Voice from the Commonwealth
Commentary, World Views and Occasional Rants from a small 'l' libertarian in Massachussetts

"If ye love wealth greater than liberty, the tranquility of servitude better than the animating contest for freedom, go home and leave us in peace. We seek not your council nor your arms. Crouch down and lick the hand that feeds you, and may posterity forget that ye were our countrymen." - Samuel Adams

Wednesday, August 07, 2002

A look at what bin Laden is (was?) to terrorism and some suggestions from a retired Naval Captain and Pentagon Strategist.

It starts with scale. In the past, conventional terrorist groups like Hizbullah in the Mideast, Abu Sayyaf in the Philippines, or the Basque separatists in Spain focused mainly on local issues and audiences. Their international presence, such as it was, funneled money and sympathy back into home-grown struggles.

Bin Laden thought big. Building on his years of covert fighting to undermine the Soviet attempt to control Afghanistan – resistance funded by the US, Arab leaders, and others as part of the final armed struggle of the cold war – bin Laden expanded into other fights. Recruits were shuttled through Afghanistan for training and combat experience by the tens of thousands. In the 1990s, these well-trained and combat-experienced "Afghanis" began to pop up in Bosnia, Algeria, Southeast Asia – anywhere that local troubles offered the Islamists a toehold.

One of bin Laden's innovations is no-credit killing. Traditional terrorist groups have taught us – their global audience and pool of candidate victims – to expect claims of responsibility for sneak attacks. By insisting on "credit" for mayhem, the terrorists ensure that we appreciate their commitment to violence as the path to improvement in our general welfare.

No such claims come from bin Laden. Apparently intending to deflect superpower retaliation, the Al Qaeda network has evolved a tight, no-fingerprints policy as it plans and executes strikes.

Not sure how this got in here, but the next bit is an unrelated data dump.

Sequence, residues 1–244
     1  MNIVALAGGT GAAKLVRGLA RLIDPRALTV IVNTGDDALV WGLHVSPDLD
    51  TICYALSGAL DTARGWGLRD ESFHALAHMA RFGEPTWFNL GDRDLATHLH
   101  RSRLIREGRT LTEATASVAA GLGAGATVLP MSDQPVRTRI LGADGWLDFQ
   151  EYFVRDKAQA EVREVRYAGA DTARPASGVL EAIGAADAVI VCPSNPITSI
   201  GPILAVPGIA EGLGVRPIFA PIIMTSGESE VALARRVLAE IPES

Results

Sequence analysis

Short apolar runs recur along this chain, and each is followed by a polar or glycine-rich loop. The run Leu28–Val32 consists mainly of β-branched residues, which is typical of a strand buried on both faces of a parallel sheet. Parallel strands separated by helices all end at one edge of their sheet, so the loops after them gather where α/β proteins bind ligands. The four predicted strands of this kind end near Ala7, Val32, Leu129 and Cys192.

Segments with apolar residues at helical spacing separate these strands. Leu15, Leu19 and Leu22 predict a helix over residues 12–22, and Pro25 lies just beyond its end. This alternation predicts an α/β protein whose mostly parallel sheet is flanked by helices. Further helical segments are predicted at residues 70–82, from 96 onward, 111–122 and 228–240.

The bin Laden formula for superterrorism appears to include sophisticated communications and elaborate chains of businesses, some criminal, some seemingly straight. The scaled-up Al Qaeda network has a capacity for what a business executive would term strategic control – for tailoring itself, its workforce, and its "products" to the changing "marketplace."

Seaquist warns that adopting the strategy of our foe may not be the best way to combat him.

How should we – the US and its allies – respond? Clearly, we need to be inventive ourselves. In Washington there is talk about creating new kinds of military units that can move as secretly and as nimbly as the terrorists.

Mimicking Al Qaeda may not be the best strategy. Top generals sometimes win battles by bypassing the enemy army and seizing the objective with less bloodshed. Our objective is a civil, democratic world.

Rather than trying to outdo bin Laden with spreading our own covert organizations and secretive methods around the world, perhaps we should be moving forward from Afghanistan with a campaign that learns how to smother bin Laden and Al Qaeda with our most powerful tool – open, democratic, collaborative societies.

To a degree I think, and have here said before, that this is correct. This should be one of the methods we use to combat terrorism but we also must use every tool at our disposal, to do anything less would be criminal and result in more Americans dead.

< email | 8/07/2002 11:04:00 PM | link

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